The FIFA World Cup, hosted this year by South Africa, is nearing amid doubts and turmoil in the country. The Games are set to take place June 11-July 11, 2010. But despite the concerns over safety and readiness, the South African government is in high gear in preparation for the games. It has already spent more the $3.9 billion dollars to ready itself for the event, which is considered the most widely viewed sporting event in the world. The World Cup is an international football (soccer) competition of the members of Fédération Internationale de Football Association (FIFA).
“The importance of the World Cup also lay in the unique opportunity to introduce South Africa to the cumulative viewing audience of 34 billion over the course of the month-long tournament. This was South Africa’s opportunity to rebrand and reposition the country as a global player on the world stage,” says South Africa Tourism spokesperson Jermaine Craig.
And for South Africa, hosting the World Cup means big business. According to Craig, “The economic benefit of 2010 is predicted to be extensive. About 415,000 jobs will have been created by hosting the tournament with approximately 80,000 jobs in the hospitality industry and 40,000 in the construction industry.” On the bottom line, Craig adds, “US$7.5 billion will be added into South Africa’s GDP in 2010, while approx US$1.1 billion is predicted to be spent in South Africa by foreign visitors in 2010.”
With so many visitors coming, concerns are high about crime especially in light of the recent race riots sparked by the killing of a well-known South African White Supremacist. But according to Craig, security has been a priority for the World Cup. Craig explains, “The South African Police Service numbers over 190,000 with an additional 100,000 police reservists. There will be 41,000 dedicated police officers deployed specifically to the event, as well as dedicated 2010 police stations within close proximity to each of the stadiums, and a 24-hour multilingual hotline to assist visitors requiring police or medical services. These are just a few of the many security procedures that will be in place to ensure the safety and security of our visitors and our local population.”
The promotions to international markets have been great in order to lure in attendees. But the World Cup organizers, according to a report by the Associated Press, still have 355,000 tickets to sell. Some 45,000 match tickets were sold in the first four days of the final sales phase. But organizers have had to offer cheaper tickets to ensure all 11 World Cup stadiums are full. Among the tickets sold, America came in third (behind China and India) in the highest number of tickets purchased. “It could be that Americans see the World Cup as the perfect excuse to finally go to “exotic” South Africa, which may also account for the higher interest in this World Cup,” notes Craig. “South Africa has been marketing the World Cup since the successful bid in 2004. The aim of the campaign is primarily, Destination Marketing: to promote South Africa’s culture and diversity, the unique combinations of experiences offered, to international travelers. The tournament itself is a one-off event; South African Tourism sees the World Cup as a launching pad, and is looking beyond the tournament in pursuit of sustainable growth.”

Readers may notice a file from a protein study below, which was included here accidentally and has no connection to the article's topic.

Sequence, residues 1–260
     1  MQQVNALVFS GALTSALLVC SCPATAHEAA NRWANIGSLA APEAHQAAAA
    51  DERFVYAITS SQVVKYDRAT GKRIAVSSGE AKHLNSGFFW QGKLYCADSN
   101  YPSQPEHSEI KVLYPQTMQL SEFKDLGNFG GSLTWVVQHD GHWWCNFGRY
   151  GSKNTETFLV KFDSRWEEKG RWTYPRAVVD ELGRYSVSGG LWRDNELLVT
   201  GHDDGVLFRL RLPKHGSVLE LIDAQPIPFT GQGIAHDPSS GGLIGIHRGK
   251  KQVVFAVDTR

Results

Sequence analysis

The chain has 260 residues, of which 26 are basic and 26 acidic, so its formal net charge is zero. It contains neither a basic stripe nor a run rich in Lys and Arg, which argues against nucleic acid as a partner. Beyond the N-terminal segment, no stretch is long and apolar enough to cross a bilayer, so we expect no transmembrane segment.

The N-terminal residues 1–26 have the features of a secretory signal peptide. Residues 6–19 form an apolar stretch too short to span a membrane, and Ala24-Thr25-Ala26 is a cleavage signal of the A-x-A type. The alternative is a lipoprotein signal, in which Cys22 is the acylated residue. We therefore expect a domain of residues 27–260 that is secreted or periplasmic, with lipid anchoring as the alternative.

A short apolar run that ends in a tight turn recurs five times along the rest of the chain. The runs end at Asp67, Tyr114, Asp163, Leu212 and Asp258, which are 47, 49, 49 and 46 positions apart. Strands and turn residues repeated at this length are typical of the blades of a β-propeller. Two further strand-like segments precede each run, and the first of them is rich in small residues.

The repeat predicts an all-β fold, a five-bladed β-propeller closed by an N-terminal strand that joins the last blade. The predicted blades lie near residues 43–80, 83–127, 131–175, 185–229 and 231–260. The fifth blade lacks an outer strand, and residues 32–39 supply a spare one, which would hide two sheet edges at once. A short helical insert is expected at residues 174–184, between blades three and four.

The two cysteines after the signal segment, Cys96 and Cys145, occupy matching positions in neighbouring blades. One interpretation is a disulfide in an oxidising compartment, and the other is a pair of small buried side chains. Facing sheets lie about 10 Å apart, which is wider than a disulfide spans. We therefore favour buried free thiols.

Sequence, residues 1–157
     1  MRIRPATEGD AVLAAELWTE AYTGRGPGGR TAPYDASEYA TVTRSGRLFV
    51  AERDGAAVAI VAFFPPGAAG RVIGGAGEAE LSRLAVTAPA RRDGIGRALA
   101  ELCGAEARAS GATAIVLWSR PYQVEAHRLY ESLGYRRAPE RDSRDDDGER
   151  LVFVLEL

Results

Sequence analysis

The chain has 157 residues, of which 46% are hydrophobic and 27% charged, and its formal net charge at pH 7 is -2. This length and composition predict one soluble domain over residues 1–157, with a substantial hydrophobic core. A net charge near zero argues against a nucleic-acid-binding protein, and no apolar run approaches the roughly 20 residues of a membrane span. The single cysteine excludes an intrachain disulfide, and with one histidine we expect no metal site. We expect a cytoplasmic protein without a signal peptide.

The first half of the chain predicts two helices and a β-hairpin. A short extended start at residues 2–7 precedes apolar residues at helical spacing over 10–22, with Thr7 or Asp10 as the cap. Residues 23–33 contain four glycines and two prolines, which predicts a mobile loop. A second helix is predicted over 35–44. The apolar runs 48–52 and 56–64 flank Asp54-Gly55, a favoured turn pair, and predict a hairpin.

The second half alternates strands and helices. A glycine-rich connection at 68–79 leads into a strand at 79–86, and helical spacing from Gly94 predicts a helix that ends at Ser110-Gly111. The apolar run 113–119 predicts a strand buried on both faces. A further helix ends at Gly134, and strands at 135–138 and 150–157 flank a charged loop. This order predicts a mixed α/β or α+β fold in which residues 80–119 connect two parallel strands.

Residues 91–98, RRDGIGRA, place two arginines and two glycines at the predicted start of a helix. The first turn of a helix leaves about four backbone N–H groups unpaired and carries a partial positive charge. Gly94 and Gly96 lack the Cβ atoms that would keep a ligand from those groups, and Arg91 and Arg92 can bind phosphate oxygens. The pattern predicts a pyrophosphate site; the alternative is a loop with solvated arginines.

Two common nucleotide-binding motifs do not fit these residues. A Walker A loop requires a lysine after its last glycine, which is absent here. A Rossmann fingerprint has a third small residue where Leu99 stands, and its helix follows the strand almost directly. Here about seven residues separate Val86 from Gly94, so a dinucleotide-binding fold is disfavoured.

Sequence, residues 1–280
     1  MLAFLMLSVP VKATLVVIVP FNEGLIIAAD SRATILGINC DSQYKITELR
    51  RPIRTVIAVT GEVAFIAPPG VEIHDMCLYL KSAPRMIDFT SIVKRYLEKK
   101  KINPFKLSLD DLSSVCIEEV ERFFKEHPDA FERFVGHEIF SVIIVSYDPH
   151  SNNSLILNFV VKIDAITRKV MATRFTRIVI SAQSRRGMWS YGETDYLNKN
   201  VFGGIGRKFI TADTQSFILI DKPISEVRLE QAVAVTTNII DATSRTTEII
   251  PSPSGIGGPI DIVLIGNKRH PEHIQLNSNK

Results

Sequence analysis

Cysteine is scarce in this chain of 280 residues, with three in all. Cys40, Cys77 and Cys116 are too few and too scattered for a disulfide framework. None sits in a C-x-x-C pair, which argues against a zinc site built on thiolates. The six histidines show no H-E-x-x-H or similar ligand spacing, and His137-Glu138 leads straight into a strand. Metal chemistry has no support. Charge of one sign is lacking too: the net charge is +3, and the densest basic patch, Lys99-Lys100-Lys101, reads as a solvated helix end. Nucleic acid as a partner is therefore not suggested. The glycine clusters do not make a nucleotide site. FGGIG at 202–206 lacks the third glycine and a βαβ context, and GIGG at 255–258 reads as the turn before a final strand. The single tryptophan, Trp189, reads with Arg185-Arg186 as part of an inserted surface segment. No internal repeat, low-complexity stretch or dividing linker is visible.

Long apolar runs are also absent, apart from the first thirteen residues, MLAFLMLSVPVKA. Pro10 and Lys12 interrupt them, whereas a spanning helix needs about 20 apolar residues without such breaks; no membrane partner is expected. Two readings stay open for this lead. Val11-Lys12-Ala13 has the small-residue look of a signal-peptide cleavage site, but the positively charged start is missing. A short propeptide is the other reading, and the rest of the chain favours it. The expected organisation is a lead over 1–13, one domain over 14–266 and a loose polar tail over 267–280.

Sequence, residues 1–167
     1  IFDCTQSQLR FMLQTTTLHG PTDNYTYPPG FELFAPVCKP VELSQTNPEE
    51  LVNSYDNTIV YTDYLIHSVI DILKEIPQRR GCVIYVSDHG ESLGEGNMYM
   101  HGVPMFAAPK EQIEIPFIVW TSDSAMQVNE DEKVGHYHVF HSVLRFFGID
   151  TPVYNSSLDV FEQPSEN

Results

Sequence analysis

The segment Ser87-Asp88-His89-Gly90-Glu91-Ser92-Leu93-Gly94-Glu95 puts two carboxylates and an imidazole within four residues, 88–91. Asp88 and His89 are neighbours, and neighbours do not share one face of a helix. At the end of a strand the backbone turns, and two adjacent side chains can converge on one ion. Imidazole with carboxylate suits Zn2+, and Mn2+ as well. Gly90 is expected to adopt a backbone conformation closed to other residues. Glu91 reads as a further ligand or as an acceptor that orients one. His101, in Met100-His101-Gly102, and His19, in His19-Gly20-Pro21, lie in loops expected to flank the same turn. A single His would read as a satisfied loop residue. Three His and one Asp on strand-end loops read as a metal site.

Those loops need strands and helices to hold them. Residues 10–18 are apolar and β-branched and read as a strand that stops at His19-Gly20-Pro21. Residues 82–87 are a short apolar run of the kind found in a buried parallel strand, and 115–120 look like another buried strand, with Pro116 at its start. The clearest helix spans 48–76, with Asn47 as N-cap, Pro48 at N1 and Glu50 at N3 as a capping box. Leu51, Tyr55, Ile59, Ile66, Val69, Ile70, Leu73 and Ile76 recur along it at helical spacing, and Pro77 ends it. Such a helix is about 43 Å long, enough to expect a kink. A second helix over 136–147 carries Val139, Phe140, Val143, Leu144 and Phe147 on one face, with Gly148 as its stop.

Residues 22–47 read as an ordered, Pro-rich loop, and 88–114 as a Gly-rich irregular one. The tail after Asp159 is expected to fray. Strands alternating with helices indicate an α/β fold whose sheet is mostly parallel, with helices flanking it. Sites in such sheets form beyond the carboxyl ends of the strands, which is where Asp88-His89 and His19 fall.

Among the promotions is a South African Soccer-Themed Dance Contest for a trip to the World Cup in June. Diski Dance (www.southafrica.net/dance <http://www.southafrica.net/dance>) was created specifically for the World Cup. There have also been special air ticketing and travel promos.
With so much money at stake, the government wanted to, according to Craig, make sure Black Owned businesses, called BEE (Black Economic Empowerment) companies, have their share. “The Organizing Committee agreed to procure 30% of the products and services it needs from small businesses and BEE companies. Seventy percent of the procurement allocated to BEE companies and small businesses had to be allocated to smaller black enterprises – especially to co-operatives with a large number of female members, and small businesses of which women are key stakeholders,” says Craig. “Both FIFA and the Organizing Committee are trying to use, wherever possible, small or medium enterprises as service providers and there had been ample opportunities for them so far. We have also encouraged our partners to give preference to South African companies when doing their production.”
On that end, the Master Concessionaire for food and beverages in the stadiums – South African company Headline Leisure Management– has trained more than 3,700 community staff for the FIFA World Cup to provide catering services for fans in the stadium venues. Among them, many of the so-called “mamas” selling normally food in front of the stadiums.
After the games, South Africa will be left in a better condition, according to Craig. The country will have “a much better transport infrastructure and upgraded transport capital stock, information and technology upgrades, and a significantly more experienced and coordinated tourism sector. Productivity should be improved by all three. More potential tourists will know about South Africa than would have been the case, and South Africa’s international profile should also be enhanced,” he says.